A cool tool can be any book, gadget, software, video, map, hardware, material, or website that is tried and true. All reviews on this site are written by readers who have actually used the tool and others like it. Items can be either old or new as long as they are wonderful. We post things we like and ignore the rest. Suggestions for tools much better than what is recommended here are always wanted.
“How to choose the streaming services that are right for you” is an incredibly helpful breakdown of the major streaming services and their costs. The guide suggests keeping a TV diary for a week to write down what you watch as you watch it to reveal where you direct most of your attention as a viewer. I’ve been slowly getting kicked off of shared streaming services and was surprised to find that I don’t miss Netflix at all. The shows I most enjoy are on Max and Hulu. — CD
Classical antiquity is not as far away from us as it might first appear. I’m in love with a newish book about the first millennia called, “In the Shadow of the Sword,” Inside this elegantly written, sweeping history about the birth of Islam, is hidden a more profound book about the birth of religions in general. Just as the bishops created Christianity from the slim, scarce, and obscure oral teachings of a holy man, so Islam was created from the slim, obscure oral traditions of another holy man. This is one of the densest books I’ve ever read, with more insights per page than I could count. The two greatest forces shaping our lives today are technology and orthodox, dogmatic religion, and this is the biography of the second. — KK
Borrow Kindle books for free
The Library Extension has changed how I find and borrow ebooks. While browsing Amazon or Goodreads, this browser add-on indicates whether a book is available at my local library. With a simple click on the "borrow" button, the book is sent directly to my Kindle. It requires only a library account to use. (Screenshot) — MF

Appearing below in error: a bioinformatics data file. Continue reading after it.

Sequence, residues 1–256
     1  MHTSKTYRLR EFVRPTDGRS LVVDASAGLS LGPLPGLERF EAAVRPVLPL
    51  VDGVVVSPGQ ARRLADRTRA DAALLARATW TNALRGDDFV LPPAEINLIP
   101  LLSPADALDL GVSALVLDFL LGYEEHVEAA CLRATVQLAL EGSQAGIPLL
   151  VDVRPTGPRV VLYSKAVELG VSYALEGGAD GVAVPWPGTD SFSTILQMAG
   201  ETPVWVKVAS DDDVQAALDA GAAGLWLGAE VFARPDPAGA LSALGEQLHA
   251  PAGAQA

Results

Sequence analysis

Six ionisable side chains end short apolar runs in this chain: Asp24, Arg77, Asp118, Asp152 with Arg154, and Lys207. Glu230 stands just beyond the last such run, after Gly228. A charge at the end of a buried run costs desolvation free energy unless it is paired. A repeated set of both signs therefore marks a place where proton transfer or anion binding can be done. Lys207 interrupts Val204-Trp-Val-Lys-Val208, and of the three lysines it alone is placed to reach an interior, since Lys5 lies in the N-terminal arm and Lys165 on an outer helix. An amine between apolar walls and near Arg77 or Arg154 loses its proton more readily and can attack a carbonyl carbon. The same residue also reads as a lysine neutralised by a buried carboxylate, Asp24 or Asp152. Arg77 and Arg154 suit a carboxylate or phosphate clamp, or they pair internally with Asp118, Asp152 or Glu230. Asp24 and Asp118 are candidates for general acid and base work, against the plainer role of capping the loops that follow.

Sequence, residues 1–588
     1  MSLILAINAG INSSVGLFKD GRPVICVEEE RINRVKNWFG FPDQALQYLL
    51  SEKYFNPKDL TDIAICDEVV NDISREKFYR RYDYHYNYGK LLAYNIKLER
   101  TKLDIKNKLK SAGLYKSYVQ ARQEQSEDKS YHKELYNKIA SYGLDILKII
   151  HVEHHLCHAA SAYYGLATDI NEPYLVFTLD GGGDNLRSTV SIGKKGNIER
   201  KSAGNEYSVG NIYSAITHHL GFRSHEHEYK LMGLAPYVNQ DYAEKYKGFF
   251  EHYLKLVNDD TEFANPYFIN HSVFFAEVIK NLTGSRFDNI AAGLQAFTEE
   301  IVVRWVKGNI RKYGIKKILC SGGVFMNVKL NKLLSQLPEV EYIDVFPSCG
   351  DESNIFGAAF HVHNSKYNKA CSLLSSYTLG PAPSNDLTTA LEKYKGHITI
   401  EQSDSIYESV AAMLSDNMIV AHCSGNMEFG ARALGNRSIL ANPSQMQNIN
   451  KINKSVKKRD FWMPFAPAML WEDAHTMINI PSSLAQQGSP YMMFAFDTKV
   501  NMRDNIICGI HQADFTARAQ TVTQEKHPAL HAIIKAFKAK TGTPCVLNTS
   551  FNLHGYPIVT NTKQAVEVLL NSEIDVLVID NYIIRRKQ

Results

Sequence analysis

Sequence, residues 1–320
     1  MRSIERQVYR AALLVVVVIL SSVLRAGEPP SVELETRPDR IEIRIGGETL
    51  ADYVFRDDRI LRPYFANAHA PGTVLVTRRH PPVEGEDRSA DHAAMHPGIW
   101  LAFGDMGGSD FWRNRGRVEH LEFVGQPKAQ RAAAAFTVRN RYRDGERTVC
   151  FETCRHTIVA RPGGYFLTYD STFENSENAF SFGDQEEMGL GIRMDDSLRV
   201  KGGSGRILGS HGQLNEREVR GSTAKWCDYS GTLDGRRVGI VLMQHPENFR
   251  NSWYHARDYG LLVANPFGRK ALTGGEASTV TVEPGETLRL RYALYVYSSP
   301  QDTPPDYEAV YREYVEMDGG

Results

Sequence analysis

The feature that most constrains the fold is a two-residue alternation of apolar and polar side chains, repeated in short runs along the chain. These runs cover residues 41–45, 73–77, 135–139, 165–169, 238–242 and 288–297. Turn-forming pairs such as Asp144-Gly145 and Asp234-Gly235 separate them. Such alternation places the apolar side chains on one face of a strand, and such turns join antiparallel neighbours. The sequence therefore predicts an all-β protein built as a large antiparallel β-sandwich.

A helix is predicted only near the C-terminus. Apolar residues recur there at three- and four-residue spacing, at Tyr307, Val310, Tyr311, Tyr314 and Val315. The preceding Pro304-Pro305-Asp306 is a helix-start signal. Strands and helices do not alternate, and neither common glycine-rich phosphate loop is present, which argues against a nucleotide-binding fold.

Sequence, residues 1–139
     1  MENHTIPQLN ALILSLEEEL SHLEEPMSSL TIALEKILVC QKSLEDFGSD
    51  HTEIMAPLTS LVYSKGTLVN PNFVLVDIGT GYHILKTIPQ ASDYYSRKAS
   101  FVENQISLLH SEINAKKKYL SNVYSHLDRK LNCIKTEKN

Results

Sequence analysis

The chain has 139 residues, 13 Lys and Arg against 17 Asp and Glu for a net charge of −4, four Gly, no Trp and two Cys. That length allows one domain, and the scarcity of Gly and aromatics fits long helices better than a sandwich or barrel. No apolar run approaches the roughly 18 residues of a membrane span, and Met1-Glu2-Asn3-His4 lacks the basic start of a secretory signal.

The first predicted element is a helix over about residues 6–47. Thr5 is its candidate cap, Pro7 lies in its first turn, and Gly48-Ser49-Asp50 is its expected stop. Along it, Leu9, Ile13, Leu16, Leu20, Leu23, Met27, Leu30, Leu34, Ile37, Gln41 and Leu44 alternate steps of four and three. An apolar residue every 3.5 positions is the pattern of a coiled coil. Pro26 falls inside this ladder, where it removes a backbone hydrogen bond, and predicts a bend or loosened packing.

One Minute Focus
The purpose of this website is to increase your mental focus by looking at the dot for 1 minute while breathing. It’s inspired by Dr. Andrew Huberman’s claim that “staring at something for a short time has been proven to improve and boost mental focus on subsequent tasks.” I feel like it “pumps” me up to focus, so I guess it works for me. Along with this recommendation, I also want to share a reminder to practice good eye hygiene when working at your desk. I frequently look out the window, widen my gaze, unfocus my eyes, and close them for short periods of time. Here’s more info on digital eye strain. — CD
Best music visualization
There have been many many attempts to visualize music over the centuries, but the animations of music done by Stephen Malinowski are the ones that sing to me. Despite the name of Music Animation Machine, this is not AI. This is obsessive craftsmanship of the highest order. As a sample start with this piece of music, the original 1924 recording of George Gershwin’s Rhapsody in Blue. — KK